Many people nowadays take dietary supplements to help aid in their diet. The supplements help close the nutrition gap they may experience from an unbalanced diet. But, are these supplements even safe to take during pregnancy? Many doctors agree that it is best to avoid these type of nutrition help when you have a child in utero. While Review Critic can help to compare these different supplements to find ones that are better or proven safe for pregnancy, it is also best to try and find ways to supplement your diet more naturally.
What Exactly Is A Dietary Supplement?
Many people are unaware of this, but the FDA has very laxed regulations of what can be called a dietary supplement. The only rules are:
- It must come in a pill, capsule, tablet, or liquid form intended for oral consumption.
- The pills must be intended to help supplement your diet.
- They must contain one or more dietary nutrients, like a vitamin, mineral, or amino acid.
- The front label must say it is a dietary supplement.
In these guidelines, there are no specifics about what can go in a dietary supplement. Unlike actual medications, there are no regulations to ensure what can or cannot be used in a dietary supplement, and therefore they could be unsafe for people in general, but especially pregnant women.
The one main exception to the idea of no dietary supplements during pregnancy, are doctor prescribed prenatal vitamins. As these vitamins are specially formulated for pregnancy, there are more regulations surrounding exactly how they are made. With the need of a doctor’s prescription, you will also be getting exactly the nutrients you need, not those in which you assume you should add to your diet. This will help to ensure that you are getting the proper nutrients to help not only you but your new baby as well.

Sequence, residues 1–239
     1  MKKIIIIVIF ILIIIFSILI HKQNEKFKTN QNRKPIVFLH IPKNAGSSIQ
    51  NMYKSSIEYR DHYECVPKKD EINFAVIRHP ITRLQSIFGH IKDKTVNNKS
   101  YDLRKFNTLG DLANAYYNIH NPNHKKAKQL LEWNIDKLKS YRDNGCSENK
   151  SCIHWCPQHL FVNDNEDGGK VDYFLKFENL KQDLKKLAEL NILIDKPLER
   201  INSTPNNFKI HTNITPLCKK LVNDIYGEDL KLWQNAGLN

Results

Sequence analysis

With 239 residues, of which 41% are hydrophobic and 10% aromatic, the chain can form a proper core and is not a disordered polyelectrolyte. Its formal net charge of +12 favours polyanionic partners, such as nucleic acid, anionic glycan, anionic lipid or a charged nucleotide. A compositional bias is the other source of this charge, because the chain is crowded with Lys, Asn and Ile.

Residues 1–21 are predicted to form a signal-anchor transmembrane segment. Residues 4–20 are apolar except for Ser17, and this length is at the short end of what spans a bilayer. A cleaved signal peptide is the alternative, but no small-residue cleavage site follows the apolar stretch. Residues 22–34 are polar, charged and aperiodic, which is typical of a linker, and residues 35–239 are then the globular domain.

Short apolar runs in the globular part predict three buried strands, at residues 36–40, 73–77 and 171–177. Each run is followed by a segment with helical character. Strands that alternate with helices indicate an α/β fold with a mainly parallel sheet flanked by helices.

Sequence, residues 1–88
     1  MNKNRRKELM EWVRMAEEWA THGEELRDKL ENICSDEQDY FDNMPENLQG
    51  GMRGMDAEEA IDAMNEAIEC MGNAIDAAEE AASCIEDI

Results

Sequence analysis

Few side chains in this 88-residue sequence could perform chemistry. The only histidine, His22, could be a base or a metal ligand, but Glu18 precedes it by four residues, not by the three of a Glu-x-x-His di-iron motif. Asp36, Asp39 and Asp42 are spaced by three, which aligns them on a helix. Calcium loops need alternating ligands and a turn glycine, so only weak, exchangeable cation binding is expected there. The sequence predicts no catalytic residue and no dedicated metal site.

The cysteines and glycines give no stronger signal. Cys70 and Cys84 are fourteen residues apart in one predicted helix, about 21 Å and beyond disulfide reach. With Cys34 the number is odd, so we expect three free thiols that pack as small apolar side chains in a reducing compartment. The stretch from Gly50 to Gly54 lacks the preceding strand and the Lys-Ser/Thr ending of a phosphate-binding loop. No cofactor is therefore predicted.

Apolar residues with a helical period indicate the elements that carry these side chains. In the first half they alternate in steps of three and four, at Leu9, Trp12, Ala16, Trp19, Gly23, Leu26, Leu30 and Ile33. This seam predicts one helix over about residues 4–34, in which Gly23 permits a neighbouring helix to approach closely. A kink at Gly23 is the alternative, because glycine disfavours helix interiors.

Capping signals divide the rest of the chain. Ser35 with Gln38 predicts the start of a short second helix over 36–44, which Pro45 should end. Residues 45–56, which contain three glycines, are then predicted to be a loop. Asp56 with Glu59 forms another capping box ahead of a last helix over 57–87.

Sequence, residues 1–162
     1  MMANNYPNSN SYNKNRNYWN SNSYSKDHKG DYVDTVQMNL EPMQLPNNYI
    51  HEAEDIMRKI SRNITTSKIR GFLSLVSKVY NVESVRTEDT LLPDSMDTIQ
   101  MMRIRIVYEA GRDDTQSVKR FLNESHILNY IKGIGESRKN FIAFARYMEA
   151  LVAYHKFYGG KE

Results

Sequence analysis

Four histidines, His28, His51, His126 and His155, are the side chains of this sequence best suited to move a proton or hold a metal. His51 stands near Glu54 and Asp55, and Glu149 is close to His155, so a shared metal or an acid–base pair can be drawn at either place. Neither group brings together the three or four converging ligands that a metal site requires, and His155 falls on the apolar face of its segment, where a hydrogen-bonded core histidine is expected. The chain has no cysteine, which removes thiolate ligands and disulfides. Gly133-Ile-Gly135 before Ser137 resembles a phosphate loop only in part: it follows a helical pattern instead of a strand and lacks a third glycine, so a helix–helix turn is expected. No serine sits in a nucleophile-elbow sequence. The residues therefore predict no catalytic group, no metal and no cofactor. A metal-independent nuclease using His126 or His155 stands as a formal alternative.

Increasing Your Nutrients Naturally
If, with a prenatal vitamin, you still find some important nutrients missing from your body, there are easy ways to add them into your diet. Making sure to eat vitamin and mineral rich foods will help to keep your body balanced and healthy. Some of the most common deficiencies within pregnant women include:
This is an important mineral that helps prevent against birth defects, like Spina Bifida. Green vegetables, like asparagus, spinach, and Brussels sprouts, as well as legumes or beets all have high folate levels, which can help replenish this mineral in your body.
This vitamin is essential for your body’s ability to absorb calcium and phosphate. Calcium is needed to help grow strong bones. Without Vitamin D, your body will be unable to absorb the other nutrients correctly, therefore leaving even more dietary gaps. While sunlight is the most common known natural source of Vitamin D, red meat, oily fish, and eggs all contain higher amounts of this vitamin to help you supplement your diet naturally.
As your blood is now flowing through two human beings, many women notice their iron levels dip during pregnancy. Eating plenty of red meat, leafy greens, and dried fruit or nuts can help to combat this anemia from setting in. Another hidden perk of eating nuts, especially peanuts, during pregnancy is that a study has proven infants exposed to peanuts in utero are less likely to develop a peanut allergy later on in life.
As your body is now also protecting a second human, your immune system needs all of the help it can get. Vitamin C helps to ward off bacteria and viruses and helps keep your body healthy. Many fruits, like citrus and berries are packed with Vitamin C. Vegetables, like Brussels sprouts, peppers, and broccoli are also known for their high Vitamin C content.
Needed to help grow strong bones, calcium is an essential mineral to have in your body. Especially when you are physically growing a new skeleton, calcium tends to be used up more quickly during pregnancy. Therefore, eating plenty of dairy or leafy greens, like spinach, will help to bulk up your calcium diet.
Eating Right For Your Baby
While our diets tend to fall short of the nutrients we need, pregnancy is a time when it is extremely important to eat right. As many supplements are not safe for use during pregnancy, making sure your diet makes up for those nutritional gaps will help your baby live a long, healthy life.